Airdrie City Council approves schematic design for new multi-purpose facility and library

“Now that we’ve received your feedback, we can pass it on to our consulting team and see what other options are available, all while sticking to the intent with the things you love about the building,” he said.

Airdrie City Council approved a preliminary schematic design of the new multipurpose facility and library at its regular council meeting on September 19, providing feedback and clearing the way for the development phase of the project design.

During the meeting, the design team provided an overview of the design process and explained how they built on the project vision, defined project goals, and implemented the board’s collective input into the meetings. previous board meetings.

Elements of the schematic design presented to the board included a 3D visualization/rendering of the exterior and interior of the building, as well as an exterior and interior color palette, materials and finishes.

Additionally, the design team reviewed floor plans and elevations, conceptual landscaping, and site parking.

“We are thrilled to be back here today and to share the progress we have made since our first visioning sessions earlier this year,” said Stephanie Yeung, Studio Manager at Gibbs Gage Architects during presentation to the board.

“We also hope, by reviewing the drawings in the report, that we will be able to convey the aspirations of the design project team for this building, and also communicate the excitement and potential that we really feel for the building. .”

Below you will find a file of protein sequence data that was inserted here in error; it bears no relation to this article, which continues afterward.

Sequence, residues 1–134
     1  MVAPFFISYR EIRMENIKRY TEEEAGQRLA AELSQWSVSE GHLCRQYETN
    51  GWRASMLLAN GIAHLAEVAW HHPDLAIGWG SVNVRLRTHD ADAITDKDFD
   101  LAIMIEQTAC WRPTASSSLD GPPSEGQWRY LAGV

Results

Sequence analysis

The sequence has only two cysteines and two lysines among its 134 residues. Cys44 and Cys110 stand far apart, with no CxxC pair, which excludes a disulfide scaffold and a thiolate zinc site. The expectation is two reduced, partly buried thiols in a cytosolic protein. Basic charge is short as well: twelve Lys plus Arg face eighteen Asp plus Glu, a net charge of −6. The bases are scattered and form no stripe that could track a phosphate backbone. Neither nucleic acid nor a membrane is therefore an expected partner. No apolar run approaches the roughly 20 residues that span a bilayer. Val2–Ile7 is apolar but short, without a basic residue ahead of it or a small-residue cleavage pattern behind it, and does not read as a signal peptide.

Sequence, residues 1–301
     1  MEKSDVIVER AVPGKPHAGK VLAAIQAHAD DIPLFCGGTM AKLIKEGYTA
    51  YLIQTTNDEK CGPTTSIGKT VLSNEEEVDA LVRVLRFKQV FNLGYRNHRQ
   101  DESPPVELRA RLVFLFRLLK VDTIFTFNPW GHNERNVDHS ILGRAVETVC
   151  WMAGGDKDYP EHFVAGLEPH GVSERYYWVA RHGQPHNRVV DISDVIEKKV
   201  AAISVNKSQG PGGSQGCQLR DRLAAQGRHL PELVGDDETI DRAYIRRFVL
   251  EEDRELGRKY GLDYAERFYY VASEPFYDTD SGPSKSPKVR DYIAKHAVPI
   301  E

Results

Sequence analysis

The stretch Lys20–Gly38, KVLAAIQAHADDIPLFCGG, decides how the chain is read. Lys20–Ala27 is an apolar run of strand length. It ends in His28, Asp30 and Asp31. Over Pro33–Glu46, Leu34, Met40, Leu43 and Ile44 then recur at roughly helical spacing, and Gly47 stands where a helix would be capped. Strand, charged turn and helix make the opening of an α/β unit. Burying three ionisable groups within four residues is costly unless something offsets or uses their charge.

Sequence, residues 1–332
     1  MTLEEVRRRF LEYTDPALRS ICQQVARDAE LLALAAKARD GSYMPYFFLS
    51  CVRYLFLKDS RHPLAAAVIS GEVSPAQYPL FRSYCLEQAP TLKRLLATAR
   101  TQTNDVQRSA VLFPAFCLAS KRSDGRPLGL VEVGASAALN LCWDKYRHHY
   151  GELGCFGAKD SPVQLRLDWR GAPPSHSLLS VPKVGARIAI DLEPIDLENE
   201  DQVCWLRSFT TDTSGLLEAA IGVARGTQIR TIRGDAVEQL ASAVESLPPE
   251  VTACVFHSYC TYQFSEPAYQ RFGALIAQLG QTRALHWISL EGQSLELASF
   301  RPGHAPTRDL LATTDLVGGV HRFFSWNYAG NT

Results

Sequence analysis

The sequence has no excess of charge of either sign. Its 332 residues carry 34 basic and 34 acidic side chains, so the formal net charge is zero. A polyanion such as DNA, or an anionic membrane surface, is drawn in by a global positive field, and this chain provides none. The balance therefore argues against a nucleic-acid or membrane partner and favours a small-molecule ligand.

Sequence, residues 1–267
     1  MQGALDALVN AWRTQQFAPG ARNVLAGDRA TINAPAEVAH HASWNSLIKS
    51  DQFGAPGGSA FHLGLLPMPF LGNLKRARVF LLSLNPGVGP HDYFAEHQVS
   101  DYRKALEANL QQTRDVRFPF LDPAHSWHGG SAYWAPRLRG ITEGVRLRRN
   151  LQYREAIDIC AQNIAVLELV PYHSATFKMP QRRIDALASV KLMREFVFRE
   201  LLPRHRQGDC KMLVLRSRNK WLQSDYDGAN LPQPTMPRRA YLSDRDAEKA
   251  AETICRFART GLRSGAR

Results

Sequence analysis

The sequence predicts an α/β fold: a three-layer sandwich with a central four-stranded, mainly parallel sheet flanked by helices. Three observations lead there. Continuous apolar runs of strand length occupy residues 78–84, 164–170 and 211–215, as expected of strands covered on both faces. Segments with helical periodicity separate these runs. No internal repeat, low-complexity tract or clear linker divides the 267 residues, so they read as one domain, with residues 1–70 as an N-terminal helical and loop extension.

Yeung added that while the team is confident in its design, it understands that there will be areas that will call for criticism from the board, and that should be expected as part of the design process.

“We still have many months of design process to go through,” she added. “We strongly believe that the main actions taken to date are in line with the project’s objectives.

“We are confident that any concerns raised today can be addressed early in design development, so we can always get your approval to meet the project schedule.”

Previously, council approved the project to proceed to the schematic design phase after approving Conceptual Design Option 1 as presented by Gibbs Gage Architects on May 2. Subsequently, Gibbs Gage and the project design team began work on developing the design.

“At this point, the design is not complete or resolved in any detail, as this is a snapshot of the design process,” reads a board agenda report.

While the design is flexible, Yeung said various elements would be difficult to change at this point in the process without delaying the project or incurring additional redesign costs.

These changes include the positioning of the facility on the site, the major feature locations on the site, and the general size and scale of the facility.

“What can be refined as the project progresses from schematic design to detailed design is the selection and determination of exterior materials, detailed layout of program rooms, layout of glazing and doors and roof design,” the report continues.